Startup Courts Avery Dennison

By Admin

NanoPierce says the label maker is exploring the possibility of using its antenna connection technique.

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Jan. 21, 2003 – NanoPierce Technologies, a Denver, Colo. company that has developed a patented method of connecting antennas to microchips, says it has signed an agreement with Avery Dennison Corp. “to explore the application of WaferPierce and NCS in the production of reliable, low-cost RFID labels.”


NanoPierce uses coated particles to create electrical bonds



WaferPierce is NanoPierce’s method of depositing hard particles, such as diamond dust, on a metal surface. NCS stands for NanoPierce Connection System, which is used to create an electrical connection on a circuit board or between a microchip and an RFID antenna.

NanoPierce covers the hard particles with conductive material. The particles are then put on the metal pads of microchips before the silicon wafer is cut up into individual chips. After the wafer is cut, each chip is flipped over, pressed onto an antenna and bonded with nonconductive adhesive. The hard particles penetrate the glue and any dirt or film that might be on the antenna to create a direct, low-resistance bond.

“It’s basically a technology cooperation agreement,” Paul Metzinger, NanoPierce’s president and CEO, said of the arrangement with Avery. “We, at NanoPierce, anticipate that it will eventually develop into a commercial contract.”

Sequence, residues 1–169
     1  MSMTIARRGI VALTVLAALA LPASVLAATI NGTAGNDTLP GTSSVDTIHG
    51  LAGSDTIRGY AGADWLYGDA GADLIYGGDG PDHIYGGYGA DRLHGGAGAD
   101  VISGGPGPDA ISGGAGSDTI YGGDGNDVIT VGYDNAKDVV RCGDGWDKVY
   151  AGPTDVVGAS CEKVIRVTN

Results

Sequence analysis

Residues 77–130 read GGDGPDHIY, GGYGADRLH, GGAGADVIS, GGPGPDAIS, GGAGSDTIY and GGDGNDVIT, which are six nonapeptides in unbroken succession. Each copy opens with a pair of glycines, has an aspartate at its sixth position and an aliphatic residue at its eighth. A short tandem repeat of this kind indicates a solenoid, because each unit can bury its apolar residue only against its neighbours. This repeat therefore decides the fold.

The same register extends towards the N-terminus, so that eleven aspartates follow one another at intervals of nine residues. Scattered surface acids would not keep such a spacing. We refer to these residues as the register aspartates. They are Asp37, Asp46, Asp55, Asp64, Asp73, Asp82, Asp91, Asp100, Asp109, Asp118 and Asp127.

Metzinger declined to reveal any details about the cooperative agreement, citing confidentiality requirements. He would say only that the agreement deals with “the development of protocols for the application of our technology to smart inlays.”

Avery, a sponsor of the Auto-ID Center, has been developing smart label technology. The company has a strategic partnership with Alien Technology, which is one of the pioneers of low-cost RFID based on the Auto-ID Center’s Electronic Product Code.

Avery has not gone public with information about smart label products because the company is still “getting its ducks in a row,” says Stan Drobac, Avery’s VP of RFID applications. Of the arrangement with NanoPierce he said: “We are continuing to look at new technologies, and this is one of them.”

The connection of the antenna to the chip is a critical step in the process of manufacturing RFID tags or labels. Metzinger claims that its technology can reduce the cost and speed up the process because the company uses non-conductive adhesives to bond the antenna to the chip.

Many existing methods use conductive adhesives, which take longer to dry. That slows down throughput and makes it harder to test the chip and connection. Many companies are exploring ways of speeding up the connection process because speed and volume are needed to reduced costs and produce enough chips to put on products in the supply chain.

NanoPierce has been seeking to license its technology to companies interested in producing RFID inlays. The company has a wholly owned subsidiary in Germany called Exypnotech, which uses NanoPierce’s connection technology to produce RFID tags for its customers.

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